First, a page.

[Discussion] Group Reads

Growing up, I always thought of reading as a solitary activity. It was what I did at recess instead of playing with the other kids, my escape from the homework I didn’t want to do, and my excuse not to take up a sport. (Who needed adventures of your own when you had books?) And beyond needing my parents to take me to the library, it was yet another thing that I could do independently from a young age. 

But over the years I found through in-class “book groups” β€” and more importantly, online fandom activity, i.e. Tumblr and Goodreads β€” that I actually quite enjoy discussing books that I’ve read or am currently reading. (Blogging is a social activity, of course, but there’s some degree of removal: comments on your review, or even your periodic GR updates, don’t tend to lead to in-depth discussion.)

So I recently joined the YA Buddy Readers’ Corner on Goodreads, and I’ve been a member of Howl’s Moving Book Club since its inception last November. Having spent the past few months doing a mix of group and solitary reads, I have a lot of thoughts on how they compare.

Book Clubs vs. Buddy Reads

You’ve probably heard of, and maybe even participated in, a book club: a group of people who read the same book around the same time and discuss it. They might meet in person every week or every month, or chat online; they might set a certain number of chapters to read every week, or allow everyone to read at their own pace. (Howl’s Moving Book Club does the latter β€” since we pick books through member nominations and votes, there are usually people who have already read the book, and as with any group some are faster readers than others, so we set up our Slack channels to hide spoilers but allow everyone to discuss wherever they’re at.) The setup is based on the group of people rather than the book; after the current read is finished, another will be chosen and the process continues.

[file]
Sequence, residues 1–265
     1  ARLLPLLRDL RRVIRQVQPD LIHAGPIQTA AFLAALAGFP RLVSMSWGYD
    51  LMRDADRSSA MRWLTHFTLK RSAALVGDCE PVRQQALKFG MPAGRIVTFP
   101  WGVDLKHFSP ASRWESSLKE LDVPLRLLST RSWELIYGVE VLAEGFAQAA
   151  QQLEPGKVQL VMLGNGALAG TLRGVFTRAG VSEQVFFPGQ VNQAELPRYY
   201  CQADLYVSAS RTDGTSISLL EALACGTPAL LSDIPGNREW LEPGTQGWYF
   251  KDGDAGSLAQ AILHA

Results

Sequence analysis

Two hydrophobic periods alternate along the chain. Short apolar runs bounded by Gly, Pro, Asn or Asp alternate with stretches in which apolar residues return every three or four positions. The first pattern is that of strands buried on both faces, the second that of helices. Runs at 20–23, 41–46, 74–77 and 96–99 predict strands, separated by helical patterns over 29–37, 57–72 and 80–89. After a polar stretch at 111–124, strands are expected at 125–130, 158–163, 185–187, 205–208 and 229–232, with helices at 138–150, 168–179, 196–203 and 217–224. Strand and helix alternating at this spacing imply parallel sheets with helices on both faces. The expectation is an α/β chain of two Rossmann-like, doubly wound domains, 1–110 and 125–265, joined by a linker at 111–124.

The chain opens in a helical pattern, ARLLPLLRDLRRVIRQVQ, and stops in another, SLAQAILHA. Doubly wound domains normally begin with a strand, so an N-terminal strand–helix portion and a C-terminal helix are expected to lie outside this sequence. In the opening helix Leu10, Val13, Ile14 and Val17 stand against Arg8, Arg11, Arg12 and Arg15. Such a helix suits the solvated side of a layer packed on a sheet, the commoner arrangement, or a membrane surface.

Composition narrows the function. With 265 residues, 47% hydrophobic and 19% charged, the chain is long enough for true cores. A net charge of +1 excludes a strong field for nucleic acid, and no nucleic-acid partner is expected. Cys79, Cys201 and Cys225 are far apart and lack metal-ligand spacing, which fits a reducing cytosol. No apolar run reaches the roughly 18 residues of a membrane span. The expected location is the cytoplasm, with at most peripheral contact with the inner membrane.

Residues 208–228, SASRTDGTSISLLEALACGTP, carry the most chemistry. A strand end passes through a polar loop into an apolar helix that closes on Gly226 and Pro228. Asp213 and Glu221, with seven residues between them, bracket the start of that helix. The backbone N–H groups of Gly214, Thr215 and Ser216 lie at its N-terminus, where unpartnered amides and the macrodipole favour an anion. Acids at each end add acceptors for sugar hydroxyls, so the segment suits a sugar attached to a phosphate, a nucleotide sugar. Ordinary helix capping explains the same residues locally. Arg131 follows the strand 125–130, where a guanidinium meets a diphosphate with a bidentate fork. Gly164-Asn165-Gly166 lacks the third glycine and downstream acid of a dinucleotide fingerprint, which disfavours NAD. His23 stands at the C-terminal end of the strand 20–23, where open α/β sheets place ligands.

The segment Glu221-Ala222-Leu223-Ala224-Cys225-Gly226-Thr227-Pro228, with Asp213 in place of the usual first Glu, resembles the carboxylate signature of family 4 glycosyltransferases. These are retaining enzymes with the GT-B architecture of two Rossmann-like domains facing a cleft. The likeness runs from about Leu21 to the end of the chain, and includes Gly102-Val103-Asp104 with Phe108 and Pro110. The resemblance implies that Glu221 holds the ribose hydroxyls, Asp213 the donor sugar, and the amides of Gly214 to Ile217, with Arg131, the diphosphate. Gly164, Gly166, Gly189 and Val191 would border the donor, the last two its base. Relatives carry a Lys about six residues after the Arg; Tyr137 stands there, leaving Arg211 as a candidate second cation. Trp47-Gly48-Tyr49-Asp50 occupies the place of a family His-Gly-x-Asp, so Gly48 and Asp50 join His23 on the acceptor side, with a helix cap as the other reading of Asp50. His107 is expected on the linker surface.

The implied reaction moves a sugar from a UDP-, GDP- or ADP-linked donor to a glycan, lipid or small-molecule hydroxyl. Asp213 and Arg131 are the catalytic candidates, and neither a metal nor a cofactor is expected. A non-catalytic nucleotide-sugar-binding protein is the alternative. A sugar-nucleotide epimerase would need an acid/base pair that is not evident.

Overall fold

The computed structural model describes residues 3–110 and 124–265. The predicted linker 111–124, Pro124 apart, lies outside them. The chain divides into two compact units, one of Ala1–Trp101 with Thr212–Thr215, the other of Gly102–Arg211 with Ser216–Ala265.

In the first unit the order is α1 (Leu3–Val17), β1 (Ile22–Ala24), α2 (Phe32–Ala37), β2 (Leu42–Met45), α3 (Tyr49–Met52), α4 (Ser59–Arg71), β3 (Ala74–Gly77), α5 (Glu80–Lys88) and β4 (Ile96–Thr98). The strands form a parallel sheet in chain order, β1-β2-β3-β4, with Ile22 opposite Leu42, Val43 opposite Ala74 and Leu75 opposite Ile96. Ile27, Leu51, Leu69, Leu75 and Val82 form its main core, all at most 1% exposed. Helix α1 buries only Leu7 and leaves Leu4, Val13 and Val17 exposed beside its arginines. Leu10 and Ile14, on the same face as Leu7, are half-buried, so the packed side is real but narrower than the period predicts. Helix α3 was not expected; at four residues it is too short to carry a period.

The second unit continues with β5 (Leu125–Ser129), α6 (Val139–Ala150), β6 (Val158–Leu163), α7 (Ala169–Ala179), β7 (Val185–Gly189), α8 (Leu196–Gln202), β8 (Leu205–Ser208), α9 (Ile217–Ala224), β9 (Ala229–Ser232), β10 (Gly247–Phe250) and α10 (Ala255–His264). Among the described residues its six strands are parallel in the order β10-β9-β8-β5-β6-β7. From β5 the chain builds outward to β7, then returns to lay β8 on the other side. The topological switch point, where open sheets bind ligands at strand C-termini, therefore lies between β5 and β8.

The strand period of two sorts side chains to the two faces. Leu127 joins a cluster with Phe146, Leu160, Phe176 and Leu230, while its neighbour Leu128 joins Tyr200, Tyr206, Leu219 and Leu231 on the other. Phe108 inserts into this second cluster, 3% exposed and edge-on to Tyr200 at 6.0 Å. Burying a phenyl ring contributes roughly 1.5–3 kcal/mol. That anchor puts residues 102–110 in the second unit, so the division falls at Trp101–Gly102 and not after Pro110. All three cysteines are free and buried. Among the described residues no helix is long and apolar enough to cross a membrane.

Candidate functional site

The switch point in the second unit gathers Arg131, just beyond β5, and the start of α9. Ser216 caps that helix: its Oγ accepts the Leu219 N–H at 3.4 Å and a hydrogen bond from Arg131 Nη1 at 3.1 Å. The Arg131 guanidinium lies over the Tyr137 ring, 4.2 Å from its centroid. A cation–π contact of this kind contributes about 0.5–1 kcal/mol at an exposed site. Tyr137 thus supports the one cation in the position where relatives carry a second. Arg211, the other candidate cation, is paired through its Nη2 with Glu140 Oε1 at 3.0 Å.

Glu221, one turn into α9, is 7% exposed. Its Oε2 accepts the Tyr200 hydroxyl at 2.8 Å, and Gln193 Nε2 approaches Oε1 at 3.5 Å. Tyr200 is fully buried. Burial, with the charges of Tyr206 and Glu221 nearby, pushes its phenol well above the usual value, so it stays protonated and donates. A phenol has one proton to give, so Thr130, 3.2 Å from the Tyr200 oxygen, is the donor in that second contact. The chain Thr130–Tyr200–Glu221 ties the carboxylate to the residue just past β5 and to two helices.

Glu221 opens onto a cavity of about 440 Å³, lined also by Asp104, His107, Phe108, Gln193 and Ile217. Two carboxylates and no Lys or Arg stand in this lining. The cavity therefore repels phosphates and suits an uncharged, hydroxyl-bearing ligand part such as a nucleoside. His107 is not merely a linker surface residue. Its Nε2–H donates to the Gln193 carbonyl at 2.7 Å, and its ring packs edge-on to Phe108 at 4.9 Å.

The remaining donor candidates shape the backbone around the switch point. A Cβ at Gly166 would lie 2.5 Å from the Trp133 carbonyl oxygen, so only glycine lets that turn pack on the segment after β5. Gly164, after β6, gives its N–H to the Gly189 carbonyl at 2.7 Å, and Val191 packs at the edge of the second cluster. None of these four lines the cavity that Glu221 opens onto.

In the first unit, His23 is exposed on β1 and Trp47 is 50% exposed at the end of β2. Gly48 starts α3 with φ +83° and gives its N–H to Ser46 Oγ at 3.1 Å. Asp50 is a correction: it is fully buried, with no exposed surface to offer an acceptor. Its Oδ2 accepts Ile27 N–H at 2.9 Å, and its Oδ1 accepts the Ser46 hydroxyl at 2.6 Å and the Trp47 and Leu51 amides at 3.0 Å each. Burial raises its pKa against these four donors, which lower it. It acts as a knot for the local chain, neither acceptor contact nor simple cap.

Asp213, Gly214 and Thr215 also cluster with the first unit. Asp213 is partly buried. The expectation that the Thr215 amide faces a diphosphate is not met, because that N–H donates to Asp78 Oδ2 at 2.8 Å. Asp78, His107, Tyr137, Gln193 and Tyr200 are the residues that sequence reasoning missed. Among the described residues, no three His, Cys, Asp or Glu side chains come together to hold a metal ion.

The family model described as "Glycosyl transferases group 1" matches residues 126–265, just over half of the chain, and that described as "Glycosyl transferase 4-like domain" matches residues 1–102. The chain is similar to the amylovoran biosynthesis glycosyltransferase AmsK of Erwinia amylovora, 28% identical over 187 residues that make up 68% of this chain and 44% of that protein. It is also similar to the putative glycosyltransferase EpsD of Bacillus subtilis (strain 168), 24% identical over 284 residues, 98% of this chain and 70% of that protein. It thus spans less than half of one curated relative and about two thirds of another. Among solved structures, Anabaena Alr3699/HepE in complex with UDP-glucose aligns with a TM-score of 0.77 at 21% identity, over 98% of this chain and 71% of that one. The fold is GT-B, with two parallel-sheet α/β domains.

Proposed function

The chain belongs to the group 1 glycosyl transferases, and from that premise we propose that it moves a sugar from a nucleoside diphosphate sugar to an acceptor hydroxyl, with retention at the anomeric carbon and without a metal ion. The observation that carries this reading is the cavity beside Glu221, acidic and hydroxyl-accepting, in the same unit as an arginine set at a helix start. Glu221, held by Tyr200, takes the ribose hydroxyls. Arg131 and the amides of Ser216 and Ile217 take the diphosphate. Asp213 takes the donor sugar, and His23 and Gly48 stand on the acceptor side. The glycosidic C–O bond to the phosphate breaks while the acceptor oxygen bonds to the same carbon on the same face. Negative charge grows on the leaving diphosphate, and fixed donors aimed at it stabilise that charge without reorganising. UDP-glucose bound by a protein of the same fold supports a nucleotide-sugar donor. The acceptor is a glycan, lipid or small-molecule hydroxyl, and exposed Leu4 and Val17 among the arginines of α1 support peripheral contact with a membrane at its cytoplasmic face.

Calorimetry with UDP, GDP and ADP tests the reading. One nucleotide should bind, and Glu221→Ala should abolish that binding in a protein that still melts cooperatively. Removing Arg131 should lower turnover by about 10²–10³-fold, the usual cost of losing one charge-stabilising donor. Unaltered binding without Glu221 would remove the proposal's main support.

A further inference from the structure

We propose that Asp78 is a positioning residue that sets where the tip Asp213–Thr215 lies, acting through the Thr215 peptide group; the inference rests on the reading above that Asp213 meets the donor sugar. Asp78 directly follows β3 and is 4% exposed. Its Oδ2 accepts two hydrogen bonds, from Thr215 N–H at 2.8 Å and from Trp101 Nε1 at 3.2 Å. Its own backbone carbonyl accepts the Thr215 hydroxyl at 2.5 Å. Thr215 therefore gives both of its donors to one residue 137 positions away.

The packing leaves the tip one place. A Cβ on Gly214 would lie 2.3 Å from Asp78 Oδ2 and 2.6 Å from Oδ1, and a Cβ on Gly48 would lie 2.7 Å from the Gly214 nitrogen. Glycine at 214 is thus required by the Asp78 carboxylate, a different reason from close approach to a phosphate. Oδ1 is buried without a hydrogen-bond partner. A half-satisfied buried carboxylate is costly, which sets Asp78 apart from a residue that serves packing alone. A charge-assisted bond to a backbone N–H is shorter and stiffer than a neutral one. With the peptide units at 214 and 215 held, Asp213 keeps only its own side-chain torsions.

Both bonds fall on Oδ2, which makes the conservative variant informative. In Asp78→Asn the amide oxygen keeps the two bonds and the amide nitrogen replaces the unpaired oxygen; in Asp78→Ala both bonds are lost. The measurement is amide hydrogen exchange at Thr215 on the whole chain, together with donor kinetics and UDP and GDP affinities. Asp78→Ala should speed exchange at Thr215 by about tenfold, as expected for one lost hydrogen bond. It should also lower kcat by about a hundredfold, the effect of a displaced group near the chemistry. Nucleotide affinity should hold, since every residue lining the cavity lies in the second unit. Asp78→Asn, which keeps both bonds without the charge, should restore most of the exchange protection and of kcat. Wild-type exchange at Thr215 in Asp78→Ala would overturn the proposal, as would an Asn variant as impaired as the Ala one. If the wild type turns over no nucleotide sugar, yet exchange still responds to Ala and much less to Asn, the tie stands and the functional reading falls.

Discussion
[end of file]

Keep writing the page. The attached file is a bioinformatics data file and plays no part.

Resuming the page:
A buddy read, on the other hand, is typically a smaller group (as few as two; the largest I’ve seen is 4-5) who arrange to read a single book or series together. This tends to be a much shorter commitment, though if you hit it off you can certainly arrange more buddy reads with the same person(s)! You might find that you discuss in greater detail than with a book club, since depending on your agreement you might set specific times when you’re both reading the book and discussing as you go, or you might check in periodically; or you may find that your partner(s) doesn’t really have much to say about the book.